On 31 May 2021 the government made changes to the claims process for low value road traffic accident (RTA) related personal injury claims, the majority of which are ‘whiplash claims’. The reforms apply to claims arising from an RTA valued at less that £5,000. These changes mean you will have the opportunity to settle these small claims online without the need to go to court or for legal representation.
Making a Claim
To make a claim you should:
- Use the Official Injury Claim service. The service is free for claimants to use and has been carefully designed to provide you with an accessible, user-friendly digital system, supported by guidance.
- If you do not have access to, or are unable to use the online service, you can also seek assistance via the Portal Support Centre by calling 0800 118 1631.
- You can find a high level overview which explains the process of making a claim in the documents section above. This includes sections on the evidence required to make a claim, getting medical evidence, signing statements of truth and settling with the other party.
- You may also find the Official Injury Claim ‘Guide to Making a Claim’ helpful. You do not need to read the whole guide before making a claim but you can refer to specific parts of it to support you through the process of making a personal injury claim using the OIC service.
The reforms apply to claims arising from RTAs which occur in England & Wales on or after 31 May 2021. Claims arising from RTAs before this date will remain subject to the old rules.
For further details on eligibility and exceptions, visit sections 4.1 and 4.2 of the ‘Guide to Making a Claim’.
Whiplash Reform Programme changes
These changes have been made as part of a package of measures under the Whiplash Reform Programme which tackles the high number and costs of whiplash claims, and the impact these have on the cost of motor insurance premiums. This will help motorists save around £35 a year on their insurance.
The Whiplash Reform Programme package of measures includes:
- a fixed tariff of compensation for whiplash injuries that last up to 2 years. This tariff will provide clarity and certainty to claimants about the amount of personal injury damages they will receive for whiplash injuries.
- a ban on settling whiplash claims without medical evidence. The Official Injury Claim service will enable claimants to source medical reports to ensure claims are supported by medical evidence before settlement.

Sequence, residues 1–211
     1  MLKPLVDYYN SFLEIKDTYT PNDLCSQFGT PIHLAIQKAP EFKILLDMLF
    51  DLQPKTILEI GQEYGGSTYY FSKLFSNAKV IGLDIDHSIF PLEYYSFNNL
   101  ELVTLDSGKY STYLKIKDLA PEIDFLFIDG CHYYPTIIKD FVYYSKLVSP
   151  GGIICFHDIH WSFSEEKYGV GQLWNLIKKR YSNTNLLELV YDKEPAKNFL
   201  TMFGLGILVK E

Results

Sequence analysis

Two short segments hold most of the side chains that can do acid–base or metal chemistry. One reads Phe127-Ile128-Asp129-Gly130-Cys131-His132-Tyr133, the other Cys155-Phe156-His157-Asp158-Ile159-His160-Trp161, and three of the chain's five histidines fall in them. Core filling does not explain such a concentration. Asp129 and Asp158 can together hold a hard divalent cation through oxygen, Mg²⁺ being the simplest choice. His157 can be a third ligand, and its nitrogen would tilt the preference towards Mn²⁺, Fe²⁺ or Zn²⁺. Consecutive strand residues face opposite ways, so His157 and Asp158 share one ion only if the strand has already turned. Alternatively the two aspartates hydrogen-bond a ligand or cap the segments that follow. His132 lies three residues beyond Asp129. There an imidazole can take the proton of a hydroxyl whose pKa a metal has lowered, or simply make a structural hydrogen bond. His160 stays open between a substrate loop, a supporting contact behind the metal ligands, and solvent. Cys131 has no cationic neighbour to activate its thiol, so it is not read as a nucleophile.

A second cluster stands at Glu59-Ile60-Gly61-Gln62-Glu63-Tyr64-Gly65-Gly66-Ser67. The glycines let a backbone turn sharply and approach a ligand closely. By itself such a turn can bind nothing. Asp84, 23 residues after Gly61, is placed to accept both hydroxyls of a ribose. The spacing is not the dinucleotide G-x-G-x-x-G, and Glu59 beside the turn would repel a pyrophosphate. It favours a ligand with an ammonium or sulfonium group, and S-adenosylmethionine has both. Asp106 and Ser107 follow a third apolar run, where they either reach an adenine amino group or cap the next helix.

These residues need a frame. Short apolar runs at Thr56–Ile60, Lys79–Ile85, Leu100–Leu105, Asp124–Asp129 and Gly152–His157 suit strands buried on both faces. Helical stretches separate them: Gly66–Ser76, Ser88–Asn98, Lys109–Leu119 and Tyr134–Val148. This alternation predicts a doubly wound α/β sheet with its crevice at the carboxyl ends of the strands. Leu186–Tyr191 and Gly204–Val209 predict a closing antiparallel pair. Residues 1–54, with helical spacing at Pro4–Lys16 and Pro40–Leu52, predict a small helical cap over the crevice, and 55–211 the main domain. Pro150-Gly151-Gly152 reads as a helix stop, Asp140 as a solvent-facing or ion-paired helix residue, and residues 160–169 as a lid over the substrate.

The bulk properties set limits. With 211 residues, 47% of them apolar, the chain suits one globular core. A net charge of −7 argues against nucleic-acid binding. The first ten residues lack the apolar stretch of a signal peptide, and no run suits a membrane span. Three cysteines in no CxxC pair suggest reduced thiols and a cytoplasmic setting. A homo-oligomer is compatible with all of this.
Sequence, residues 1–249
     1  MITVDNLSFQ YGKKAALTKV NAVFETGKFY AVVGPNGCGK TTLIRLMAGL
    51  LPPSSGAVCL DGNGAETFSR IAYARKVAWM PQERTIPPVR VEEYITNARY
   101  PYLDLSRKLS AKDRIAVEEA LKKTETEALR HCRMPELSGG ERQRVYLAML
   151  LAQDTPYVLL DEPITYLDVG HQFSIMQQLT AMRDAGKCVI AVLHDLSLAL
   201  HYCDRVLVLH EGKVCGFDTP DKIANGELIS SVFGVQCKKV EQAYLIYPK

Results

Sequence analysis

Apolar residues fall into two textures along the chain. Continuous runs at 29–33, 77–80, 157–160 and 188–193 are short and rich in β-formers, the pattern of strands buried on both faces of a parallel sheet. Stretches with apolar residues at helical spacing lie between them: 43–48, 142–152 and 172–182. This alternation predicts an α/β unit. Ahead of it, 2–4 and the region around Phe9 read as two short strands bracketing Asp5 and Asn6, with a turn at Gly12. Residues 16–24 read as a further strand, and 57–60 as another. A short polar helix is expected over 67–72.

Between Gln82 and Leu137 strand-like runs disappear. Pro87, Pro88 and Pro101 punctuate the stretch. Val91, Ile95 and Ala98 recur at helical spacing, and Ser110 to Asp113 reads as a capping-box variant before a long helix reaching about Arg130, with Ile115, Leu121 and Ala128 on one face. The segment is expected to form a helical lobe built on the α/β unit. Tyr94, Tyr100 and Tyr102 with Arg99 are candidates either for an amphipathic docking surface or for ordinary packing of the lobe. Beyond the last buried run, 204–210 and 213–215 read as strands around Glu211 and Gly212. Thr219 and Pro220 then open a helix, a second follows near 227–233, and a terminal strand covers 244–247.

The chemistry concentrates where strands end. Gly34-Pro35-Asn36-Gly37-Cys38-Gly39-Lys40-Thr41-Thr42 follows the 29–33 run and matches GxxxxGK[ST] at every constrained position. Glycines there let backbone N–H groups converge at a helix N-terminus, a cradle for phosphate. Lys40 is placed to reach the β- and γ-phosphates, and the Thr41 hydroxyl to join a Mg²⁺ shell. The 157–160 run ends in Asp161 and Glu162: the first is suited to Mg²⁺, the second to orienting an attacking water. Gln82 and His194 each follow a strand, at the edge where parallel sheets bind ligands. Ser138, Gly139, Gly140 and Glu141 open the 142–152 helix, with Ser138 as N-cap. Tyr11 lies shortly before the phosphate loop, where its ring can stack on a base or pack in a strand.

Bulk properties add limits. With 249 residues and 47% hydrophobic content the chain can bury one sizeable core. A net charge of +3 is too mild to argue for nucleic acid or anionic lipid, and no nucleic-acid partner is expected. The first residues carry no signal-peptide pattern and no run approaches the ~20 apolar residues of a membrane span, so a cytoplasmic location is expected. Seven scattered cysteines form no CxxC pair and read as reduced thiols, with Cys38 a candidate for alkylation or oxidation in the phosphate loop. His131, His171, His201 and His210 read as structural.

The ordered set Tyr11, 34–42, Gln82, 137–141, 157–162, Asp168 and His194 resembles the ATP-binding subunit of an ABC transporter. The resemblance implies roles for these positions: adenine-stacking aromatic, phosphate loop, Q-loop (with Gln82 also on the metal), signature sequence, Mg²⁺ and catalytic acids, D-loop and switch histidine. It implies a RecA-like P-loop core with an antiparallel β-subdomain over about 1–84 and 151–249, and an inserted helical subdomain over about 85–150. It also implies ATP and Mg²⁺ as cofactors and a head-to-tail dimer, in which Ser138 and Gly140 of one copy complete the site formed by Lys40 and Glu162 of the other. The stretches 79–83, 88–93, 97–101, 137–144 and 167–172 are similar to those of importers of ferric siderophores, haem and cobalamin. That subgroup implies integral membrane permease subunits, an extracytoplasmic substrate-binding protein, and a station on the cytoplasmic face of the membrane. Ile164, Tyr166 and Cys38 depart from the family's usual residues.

- an increase to the Small Claims Track (SCT) limit for RTA related Personal Injury claims from £1,000 to £5,000 via amendments to the Civil Procedure Rules. This means that the majority of such claims will now proceed through the cheaper Small Claims Track, where each party is responsible for paying their own legal costs.
- the Official Injury Claim service to enable all claimants, with or without legal representation, to make and settle their own claim.
Options if you cannot settle your claim in the OIC Service, or a dispute arises
The aim of the OIC service is to help avoid or reduce the need to go to court, if possible and appropriate. However, if you have tried to settle your claim through the service but are still not content, you can ask the court to determine your claim.
The service has been designed to support some elements of the process for going to court, for example, preparation of the forms for court. Other court processes sit outside the portal. You should also note that if you win in court, your claim may be re-opened on the portal.
For further details of the court process, section 6.6.3 of the ‘Guide to Making a Claim’ includes relevant guidance on ‘going to court’. Guidance on how court fees apply to these claims can be found here.
Supporting Information and Links
The ‘Guide to Making a Claim’ is designed to support claimants when making a personal injury claim using the Official Injury Claim portal. The guide explains the key terms and procedures used in the legal framework that underpins this service - the RTA Small Claims Pre-Action Protocol. It also details what can be claimed for and describes the steps involved, as well as providing more information about the underlying legislation (for example, the Pre-Action Protocol). You do not need to read the entire guide before making a claim, but it has been designed for users to refer to if they require additional support of parts of the process.
You can also contact the Portal Support Centre on 0800 118 1631 which will ordinarily be open from 09:00-17:00hrs on weekdays, excluding bank holidays.
The tariff sets out the base level compensation for various injuries can be found on the legislation website.
Two further guides are also available for users to help them navigate the new online system and, where necessary, the court process. These are the Guide to Changes to the Small Claims Limit for Injury Claims (Referring to Part 26 of the Civil Procedure Rules); and the Guide to Practice Direction 27B.
If you wish to find out more about the service you can visit the official OIC website, Twitter, Facebook, LinkedIn or YouTube.
Data on the operation of Official Injury Claim is now available and is published on a quarterly basis.
The statistics presented in this publication are generated by the Official Injury Claim service and are currently published on the Official Injury Claim website. We are however, exploring whether to publish future releases on GOV.UK and will inform stakeholders of any changes to the schedule and/or location of this data on these pages and via stakeholder alerts. If you would like to receive stakeholder alerts from MOJ in relation to these reforms please send an email request to firstname.lastname@example.org.
Other relevant and contextual data related to the personal injury claims process is also available from other sources such as:
- DWP Compensation Recovery Unit
- Claims Portal